What to do when someone dies
First of all, we would like to say how sorry we are for your loss. We are here for you at the end of a phone any time if you would like support. Just contact your local branch or you can call us out-of-hours if your enquiry is urgent on 0800 028 48 08. It is perfectly normal to be unsure what to do following a bereavement. Though procedures vary throughout the UK, the following information will offer some initial guidance:
First contact should be with the deceased’s doctor who will issue a Medical Certificate of Death. In some cases you may be asked to collect the certificate from the surgery. In the case of a nursing home death, their staff should liaise with the doctor. For sudden death at home, inform both the doctor and the local police.
Contact us: After you have informed the doctor.
The nursing staff will arrange for a doctor to issue the Medical Certificate of Death which you will need to collect, along with any belongings, from the hospital bereavement office. You should advise the bereavement staff if the funeral is likely to be a cremation or burial.
Contact us: As soon as you are ready to make the funeral arrangements.
Notify the police or an emergency doctor. They will, in turn, inform a Coroner. It is normal for a Coroner to be involved as they are automatically contacted if the deceased hasn’t been under a doctor’s care on a regular basis.
Contact us: As soon as possible. We can advise further, and even liaise with the Coroner’s office for you.
If the worst happens whilst abroad or away from home, there will be extra measures to take. A local doctor will need to be contacted to provide a Death Certificate and there may be extra procedures relevant to the country involved that should be observed. Once you have collected the Death Certificate then you can begin the necessary arrangements to bring the deceased home. If from abroad then the procedure is known as repatriation. Check their travel insurance to see if they are covered.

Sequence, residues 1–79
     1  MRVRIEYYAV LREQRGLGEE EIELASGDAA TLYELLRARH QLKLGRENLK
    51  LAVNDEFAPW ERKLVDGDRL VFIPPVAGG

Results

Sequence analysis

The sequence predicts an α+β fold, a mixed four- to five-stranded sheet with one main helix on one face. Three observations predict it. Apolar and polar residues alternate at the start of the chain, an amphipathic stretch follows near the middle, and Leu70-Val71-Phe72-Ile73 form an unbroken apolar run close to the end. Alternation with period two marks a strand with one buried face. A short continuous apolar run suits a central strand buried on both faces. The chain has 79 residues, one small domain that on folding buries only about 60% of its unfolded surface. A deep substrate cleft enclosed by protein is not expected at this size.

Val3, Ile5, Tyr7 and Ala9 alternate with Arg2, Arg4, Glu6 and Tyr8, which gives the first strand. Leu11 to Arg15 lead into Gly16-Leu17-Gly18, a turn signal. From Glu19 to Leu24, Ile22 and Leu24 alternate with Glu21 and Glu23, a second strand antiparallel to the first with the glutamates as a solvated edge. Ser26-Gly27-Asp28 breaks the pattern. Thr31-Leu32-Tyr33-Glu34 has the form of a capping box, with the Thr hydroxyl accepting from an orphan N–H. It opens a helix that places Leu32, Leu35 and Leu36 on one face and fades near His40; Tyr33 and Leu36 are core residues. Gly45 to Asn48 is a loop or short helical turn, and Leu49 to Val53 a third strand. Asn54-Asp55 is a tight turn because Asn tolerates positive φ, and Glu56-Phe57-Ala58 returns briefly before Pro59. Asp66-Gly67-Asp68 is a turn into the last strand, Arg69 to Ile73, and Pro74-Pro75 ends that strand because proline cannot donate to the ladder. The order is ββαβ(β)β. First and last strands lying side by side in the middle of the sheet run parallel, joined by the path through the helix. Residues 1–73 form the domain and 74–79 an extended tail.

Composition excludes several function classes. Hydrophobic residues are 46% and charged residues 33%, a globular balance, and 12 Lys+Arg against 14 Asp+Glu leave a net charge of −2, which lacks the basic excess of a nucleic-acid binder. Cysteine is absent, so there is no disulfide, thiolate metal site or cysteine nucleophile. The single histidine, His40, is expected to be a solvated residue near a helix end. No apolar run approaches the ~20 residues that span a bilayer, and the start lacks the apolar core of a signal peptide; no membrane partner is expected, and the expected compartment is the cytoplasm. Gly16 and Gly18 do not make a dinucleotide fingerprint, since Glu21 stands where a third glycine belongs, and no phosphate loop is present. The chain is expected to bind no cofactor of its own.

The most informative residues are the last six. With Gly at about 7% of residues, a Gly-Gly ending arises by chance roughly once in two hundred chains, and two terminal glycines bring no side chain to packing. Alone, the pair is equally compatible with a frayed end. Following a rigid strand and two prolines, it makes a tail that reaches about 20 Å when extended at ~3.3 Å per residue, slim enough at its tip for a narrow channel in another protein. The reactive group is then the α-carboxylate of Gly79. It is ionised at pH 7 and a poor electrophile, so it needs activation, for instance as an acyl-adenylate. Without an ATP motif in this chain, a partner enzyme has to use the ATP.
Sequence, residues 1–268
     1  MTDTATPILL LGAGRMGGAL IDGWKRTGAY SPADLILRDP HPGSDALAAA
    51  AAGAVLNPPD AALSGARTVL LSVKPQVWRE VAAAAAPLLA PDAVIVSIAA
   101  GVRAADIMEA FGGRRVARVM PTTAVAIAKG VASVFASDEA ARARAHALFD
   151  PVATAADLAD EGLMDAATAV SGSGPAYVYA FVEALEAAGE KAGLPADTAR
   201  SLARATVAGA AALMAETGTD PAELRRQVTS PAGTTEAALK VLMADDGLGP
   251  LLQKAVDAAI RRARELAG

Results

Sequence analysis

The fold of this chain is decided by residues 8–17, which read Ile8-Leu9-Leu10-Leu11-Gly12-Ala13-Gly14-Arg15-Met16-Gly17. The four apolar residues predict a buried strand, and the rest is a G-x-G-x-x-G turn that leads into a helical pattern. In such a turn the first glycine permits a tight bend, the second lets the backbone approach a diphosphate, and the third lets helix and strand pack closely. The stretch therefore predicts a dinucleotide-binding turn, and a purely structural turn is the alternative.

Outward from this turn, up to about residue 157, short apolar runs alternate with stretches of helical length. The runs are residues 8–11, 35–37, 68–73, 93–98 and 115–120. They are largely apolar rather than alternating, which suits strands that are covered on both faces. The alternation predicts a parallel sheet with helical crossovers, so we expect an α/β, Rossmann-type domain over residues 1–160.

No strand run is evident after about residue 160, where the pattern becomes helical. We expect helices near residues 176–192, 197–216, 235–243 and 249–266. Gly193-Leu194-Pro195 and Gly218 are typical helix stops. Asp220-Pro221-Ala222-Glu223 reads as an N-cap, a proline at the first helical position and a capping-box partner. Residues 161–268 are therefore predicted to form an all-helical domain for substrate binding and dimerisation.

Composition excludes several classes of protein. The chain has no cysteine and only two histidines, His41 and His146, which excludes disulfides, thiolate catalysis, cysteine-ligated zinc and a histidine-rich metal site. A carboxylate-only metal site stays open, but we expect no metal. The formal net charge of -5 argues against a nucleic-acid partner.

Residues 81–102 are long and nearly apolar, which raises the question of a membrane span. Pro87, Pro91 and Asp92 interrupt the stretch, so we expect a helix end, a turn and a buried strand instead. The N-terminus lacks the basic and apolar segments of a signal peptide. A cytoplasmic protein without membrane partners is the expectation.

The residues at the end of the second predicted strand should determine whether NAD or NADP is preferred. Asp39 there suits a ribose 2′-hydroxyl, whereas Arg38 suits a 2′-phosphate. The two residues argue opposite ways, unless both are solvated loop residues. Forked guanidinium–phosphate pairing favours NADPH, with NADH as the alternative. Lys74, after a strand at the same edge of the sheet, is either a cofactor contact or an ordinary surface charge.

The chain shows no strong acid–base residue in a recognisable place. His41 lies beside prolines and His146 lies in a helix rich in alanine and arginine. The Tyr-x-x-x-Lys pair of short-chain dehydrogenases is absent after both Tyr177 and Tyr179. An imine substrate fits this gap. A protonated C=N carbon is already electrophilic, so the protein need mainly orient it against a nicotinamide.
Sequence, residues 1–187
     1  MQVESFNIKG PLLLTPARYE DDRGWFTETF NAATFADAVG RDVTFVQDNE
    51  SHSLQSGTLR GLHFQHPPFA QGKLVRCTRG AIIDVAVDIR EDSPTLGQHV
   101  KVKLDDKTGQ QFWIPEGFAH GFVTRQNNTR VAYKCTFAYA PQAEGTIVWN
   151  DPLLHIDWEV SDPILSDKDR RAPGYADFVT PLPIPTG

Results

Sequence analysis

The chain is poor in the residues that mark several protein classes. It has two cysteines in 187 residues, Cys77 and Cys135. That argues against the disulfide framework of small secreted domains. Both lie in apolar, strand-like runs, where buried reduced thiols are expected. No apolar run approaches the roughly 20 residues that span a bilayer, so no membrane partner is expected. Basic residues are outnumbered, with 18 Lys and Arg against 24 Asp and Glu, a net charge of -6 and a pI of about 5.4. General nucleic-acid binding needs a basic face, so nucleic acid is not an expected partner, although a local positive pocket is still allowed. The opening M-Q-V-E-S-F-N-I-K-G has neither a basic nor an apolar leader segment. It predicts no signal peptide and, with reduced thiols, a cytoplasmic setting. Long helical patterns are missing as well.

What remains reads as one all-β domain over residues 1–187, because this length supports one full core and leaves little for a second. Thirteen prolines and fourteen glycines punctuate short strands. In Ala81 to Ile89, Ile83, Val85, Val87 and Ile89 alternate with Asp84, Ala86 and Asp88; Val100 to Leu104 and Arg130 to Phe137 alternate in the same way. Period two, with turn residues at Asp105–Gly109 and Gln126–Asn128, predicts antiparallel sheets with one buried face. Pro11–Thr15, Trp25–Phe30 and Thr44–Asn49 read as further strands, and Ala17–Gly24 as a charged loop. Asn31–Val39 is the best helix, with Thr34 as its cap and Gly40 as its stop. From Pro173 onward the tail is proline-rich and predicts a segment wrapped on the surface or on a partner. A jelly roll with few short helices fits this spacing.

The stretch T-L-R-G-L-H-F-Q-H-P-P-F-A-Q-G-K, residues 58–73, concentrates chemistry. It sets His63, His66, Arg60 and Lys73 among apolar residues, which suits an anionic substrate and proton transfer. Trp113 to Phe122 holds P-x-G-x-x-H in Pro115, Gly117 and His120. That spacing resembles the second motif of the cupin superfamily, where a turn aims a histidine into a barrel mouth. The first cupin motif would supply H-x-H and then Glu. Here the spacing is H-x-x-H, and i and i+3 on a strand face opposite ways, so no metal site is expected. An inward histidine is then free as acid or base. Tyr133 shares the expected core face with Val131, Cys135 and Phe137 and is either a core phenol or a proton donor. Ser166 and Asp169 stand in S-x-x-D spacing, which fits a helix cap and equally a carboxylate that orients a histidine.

Contact us: As soon as possible. We will help with the various processes involved, and provide some much needed guidance. We can also make the necessary arrangements to bring the deceased straight into our care ready to help plan the funeral.
The death of every person in England and Wales must be registered by the Registrar of Births and Deaths, and is usually done by a relative of the deceased. This can be done at any registry office, irrelevant of where death occurred, and an appointment should be made within five days of death occurring. This is also required for stillbirth.
The Registrar will require the following information:
- The date and place of death
- The deceased’s first name, surname, and maiden name where appropriate
- The deceased’s date and location of birth
- The postal address of the deceased
- If they were in receipt of a pension or allowance from public funds
- If the deceased was married, and the date and place of birth of the surviving widow or widower
- The Medical Certificate of the Cause of Death
- The deceased’s NHS medical card, birth, and marriage certificates (if available)
Upon completion, the Registrar will give you a Death Certificate; more formally known as a Certified Copy of Entry in the Register of Death. Additional certified copies can be obtained for a small charge, often needed for closing bank accounts and insurance policies, etc, however our Funeral Directors do not need a copy.
You will also receive a Certificate for Burial of Cremation, which we will require in order to make the funeral arrangements on your behalf.
Once a doctor has certified death, we are able to collect the deceased, however do not feel this has to happen right away. Many families wish to wait for other family members to arrive to say their goodbyes at home.
Most people request the deceased to rest at our funeral home, though some prefer this to take place in their own home. If this is the case, we recommend you allow us to bring the deceased into our care first, to return them later when all necessary preparations have been completed.
Private chapels of rest are available in most of our funeral homes, however the decision of whether anyone is to visit is a personal one. We can only tell you than many take comfort from seeing the deceased at rest.
Having to tell other people that someone has died is not an easy task, and what you say varies depending on many factors including your relationship with both the deceased and who you are informing, and on the circumstances of death. Our experience would suggest that keeping it simple is the best approach. If the cause is unknown, it is best to say this rather than surmise.
It isn’t just friends and family either. There are many companies and organisations who will need to know about the death too. These may include;
- Local council – to cancel council tax and benefits
- Utility providers – electricity, gas, water, telephone, mobile, TV, internet
- Banks & Building Societies
- Credit & Store cards
- Membership Organisations – Chelmsford Star Co-op, WI, gym, clubs
- Social services
- Social security
- Annual/Monthly payments
- Email and Social Media accounts
- Charities – cancel regular donations
- Post Office – get mail redirected
- Finally, if premises are to be left empty, contact the local police to make them aware.